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Quote:
Originally Posted by Reiningcatsanddogs View Post
To me an honest horse is one who always lets you know where you stand. They don’t ride with you for thirty minutes acting like everything is hunky-dory and then suddenly blow their wig.

An honest horse will clue you in when they aren’t much liking what you are doing, the way you are riding or whatever; think slow release steam valve.

A dishonest horse holds it all in until BLAM! Taking you totally by surprise and picking leaves out of your hair as you watch old paint gallop off into the sunset!

By that definition honest and push-button are unrelated.
This is how I would define it.
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post #18 of 35 Old 10-18-2016, 03:42 AM
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I have had several honest horses. One a cobby 14.2 was brilliant with nervous or beginner riders. I used him for Riding for the Disabled and he would do all he could to help his riders. However, he did have the most wicked sense of humour and if he had a rider who thought they knew more than they did he could drop them in an instant.

Possibly the most honest was a grey mare around 15.3 she had the done that been there T shirt. One day I was ponying her off a racehorse. We were very limited as to where we could ride at the time and a couple of miles from home the lane was blocked by a car accident. To get past I rode my horse up a bank into the trees, wound our way around and had to slide down the bank onto the lane. My horse didn't have a clue as to how to go down the back, he dithered at the top frightened to put one foot in front of the other. After several minutes of this the mare pushed past him and walked down the slope giving him a lead. I had to flick her rope over her neck as it was impossible to hold her. She stopped in the lane and just stood there waiting for my horse to follow, blocking any possibility of him jumping down. He finally crept down the bank, I took the rope off her neck and we went on our merry way.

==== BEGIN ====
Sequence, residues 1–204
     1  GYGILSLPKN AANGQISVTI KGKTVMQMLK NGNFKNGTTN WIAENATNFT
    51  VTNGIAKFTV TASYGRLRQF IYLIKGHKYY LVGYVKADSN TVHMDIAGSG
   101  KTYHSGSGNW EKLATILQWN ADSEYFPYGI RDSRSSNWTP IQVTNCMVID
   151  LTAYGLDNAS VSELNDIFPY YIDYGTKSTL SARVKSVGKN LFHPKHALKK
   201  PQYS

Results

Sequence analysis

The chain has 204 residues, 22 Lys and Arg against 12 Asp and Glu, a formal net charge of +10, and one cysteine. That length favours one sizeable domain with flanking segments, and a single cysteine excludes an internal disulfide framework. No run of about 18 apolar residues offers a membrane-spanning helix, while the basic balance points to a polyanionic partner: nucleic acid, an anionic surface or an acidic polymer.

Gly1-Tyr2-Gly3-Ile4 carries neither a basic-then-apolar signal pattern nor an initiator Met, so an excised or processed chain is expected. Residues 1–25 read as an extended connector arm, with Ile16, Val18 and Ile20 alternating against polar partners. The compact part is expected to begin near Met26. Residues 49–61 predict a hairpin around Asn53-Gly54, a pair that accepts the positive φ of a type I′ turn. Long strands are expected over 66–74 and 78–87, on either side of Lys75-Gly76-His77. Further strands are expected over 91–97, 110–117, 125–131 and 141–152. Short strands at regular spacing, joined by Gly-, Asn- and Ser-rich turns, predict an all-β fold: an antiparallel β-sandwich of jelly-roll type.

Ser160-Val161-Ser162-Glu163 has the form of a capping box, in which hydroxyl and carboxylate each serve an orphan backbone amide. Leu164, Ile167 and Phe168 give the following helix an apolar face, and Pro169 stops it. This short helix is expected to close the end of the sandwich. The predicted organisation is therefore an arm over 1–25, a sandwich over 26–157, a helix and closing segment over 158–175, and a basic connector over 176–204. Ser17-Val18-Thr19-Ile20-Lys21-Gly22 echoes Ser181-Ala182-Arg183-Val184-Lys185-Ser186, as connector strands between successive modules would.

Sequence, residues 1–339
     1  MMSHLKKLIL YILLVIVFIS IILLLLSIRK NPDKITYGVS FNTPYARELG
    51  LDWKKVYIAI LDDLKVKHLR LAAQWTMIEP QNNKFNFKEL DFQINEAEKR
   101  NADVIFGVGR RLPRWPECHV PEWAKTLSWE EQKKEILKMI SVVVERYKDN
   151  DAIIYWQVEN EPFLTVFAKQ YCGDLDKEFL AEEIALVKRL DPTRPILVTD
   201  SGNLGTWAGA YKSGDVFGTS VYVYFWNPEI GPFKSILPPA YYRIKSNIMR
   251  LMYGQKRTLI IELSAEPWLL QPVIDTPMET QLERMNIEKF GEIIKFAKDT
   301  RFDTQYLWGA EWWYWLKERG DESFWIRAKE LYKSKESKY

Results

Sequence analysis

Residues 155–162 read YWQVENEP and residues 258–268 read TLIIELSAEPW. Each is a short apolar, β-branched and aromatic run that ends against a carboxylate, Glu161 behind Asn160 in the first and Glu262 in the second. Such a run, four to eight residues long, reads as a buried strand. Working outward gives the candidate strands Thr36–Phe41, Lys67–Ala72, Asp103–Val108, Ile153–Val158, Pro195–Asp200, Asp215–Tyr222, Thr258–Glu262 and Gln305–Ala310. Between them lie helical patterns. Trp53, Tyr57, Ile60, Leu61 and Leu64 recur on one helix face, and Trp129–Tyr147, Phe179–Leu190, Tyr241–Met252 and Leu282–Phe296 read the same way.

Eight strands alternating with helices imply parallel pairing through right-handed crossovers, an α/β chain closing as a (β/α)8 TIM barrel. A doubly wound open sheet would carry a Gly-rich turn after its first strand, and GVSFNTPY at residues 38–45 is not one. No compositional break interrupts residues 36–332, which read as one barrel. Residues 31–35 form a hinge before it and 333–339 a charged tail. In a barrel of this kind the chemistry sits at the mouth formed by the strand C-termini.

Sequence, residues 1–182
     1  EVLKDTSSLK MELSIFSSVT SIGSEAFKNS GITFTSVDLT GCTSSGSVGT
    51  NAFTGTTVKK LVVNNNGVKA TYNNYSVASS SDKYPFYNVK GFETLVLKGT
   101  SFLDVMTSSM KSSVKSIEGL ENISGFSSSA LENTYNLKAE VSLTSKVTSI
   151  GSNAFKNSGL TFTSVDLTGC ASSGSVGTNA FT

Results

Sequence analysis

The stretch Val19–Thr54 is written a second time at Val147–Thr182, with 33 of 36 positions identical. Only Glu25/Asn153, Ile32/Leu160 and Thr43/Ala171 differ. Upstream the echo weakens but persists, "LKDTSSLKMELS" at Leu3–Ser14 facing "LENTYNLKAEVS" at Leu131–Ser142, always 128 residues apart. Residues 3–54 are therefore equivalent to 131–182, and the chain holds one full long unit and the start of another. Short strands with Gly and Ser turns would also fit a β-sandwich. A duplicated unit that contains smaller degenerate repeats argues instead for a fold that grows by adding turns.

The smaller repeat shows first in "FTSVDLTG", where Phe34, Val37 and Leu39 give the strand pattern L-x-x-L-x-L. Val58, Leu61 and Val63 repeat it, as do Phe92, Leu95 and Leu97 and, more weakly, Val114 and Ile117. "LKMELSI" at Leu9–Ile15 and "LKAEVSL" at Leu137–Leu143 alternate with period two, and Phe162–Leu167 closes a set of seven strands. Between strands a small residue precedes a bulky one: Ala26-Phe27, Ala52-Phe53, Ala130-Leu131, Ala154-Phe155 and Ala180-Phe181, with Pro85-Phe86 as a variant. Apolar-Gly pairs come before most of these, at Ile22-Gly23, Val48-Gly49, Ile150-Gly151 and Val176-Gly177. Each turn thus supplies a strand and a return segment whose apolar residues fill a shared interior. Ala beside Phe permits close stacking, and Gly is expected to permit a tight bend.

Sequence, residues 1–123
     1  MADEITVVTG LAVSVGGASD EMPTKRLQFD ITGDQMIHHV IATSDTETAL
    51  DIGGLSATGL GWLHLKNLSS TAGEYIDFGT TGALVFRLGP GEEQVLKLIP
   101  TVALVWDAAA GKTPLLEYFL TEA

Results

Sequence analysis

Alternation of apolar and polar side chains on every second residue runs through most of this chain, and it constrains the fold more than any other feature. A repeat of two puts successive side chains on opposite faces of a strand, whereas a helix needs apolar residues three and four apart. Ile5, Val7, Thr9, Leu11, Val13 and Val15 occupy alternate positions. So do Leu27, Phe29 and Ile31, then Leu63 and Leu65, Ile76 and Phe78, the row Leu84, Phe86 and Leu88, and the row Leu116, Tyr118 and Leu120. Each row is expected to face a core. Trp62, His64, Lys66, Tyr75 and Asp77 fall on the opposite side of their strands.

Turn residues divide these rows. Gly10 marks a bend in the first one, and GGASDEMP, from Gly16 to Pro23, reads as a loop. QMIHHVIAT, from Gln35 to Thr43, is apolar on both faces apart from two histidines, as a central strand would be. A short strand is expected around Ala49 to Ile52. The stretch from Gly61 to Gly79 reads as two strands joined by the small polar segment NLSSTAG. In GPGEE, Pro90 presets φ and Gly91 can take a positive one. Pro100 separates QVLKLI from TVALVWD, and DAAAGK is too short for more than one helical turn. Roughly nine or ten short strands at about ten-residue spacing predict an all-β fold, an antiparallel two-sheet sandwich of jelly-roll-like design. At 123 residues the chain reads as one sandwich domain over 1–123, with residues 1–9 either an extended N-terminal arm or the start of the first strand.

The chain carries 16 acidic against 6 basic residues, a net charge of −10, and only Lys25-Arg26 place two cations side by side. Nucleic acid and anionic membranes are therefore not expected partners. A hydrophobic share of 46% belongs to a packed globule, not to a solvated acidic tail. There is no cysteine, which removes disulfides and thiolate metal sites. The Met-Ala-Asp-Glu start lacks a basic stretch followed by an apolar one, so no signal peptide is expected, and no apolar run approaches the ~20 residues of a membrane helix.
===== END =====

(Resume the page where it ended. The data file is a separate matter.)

When a friends daughter's pony went lame just before she was to take some Pony Club test I lent them the mare. She looked like a pimple on an elephants butt. We hacked to where the test was taking palace and she turned off into the field, that mare never hesitated about leaving her stable companions. The girl passed her test with flying colours.

I never knew that mare do anything wrong with the exception of one day slipping out of her stable and charging across the immaculate lawn with the ancient gardener running, yelling and shouting and waving his arms at her to stop her going across the top lawn!
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post #19 of 35 Old 10-18-2016, 03:50 AM Thread Starter
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Quote:
Originally Posted by Reiningcatsanddogs View Post
To me an honest horse is one who always lets you know where you stand. They don’t ride with you for thirty minutes acting like everything is hunky-dory and then suddenly blow their wig.
Oh, I love your definition, I'll take it. Makes my mare honest :)

She is always gate sour, not just sometimes.
She never wants to canter without mr Whippy. She knows what I want, snorts and picks up pace but she doesn't want to do it.
She never blows up.
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post #20 of 35 Old 10-18-2016, 07:41 AM
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Honesty has nothing to do with obedience. An honest horse may tell you, "Why should I trot? We're just going in endless circles and I see no point to it!" We then use Mr Whippy to tell the horse we were not really asking in the first place - Ask, Tell, Demand - and call the horse dishonest.

Meanwhile, the horse learns not to talk, because his rider won't listen and punishes him for talking too much. Then, when the horse is desperate enough, he yells - and we call him dishonest because he didn't whisper first.

"In place of first putting the blame on the horse, which is only natural,the rider ought perhaps begin by trying to find out if he himself is not the culprit." - James Fillis 1890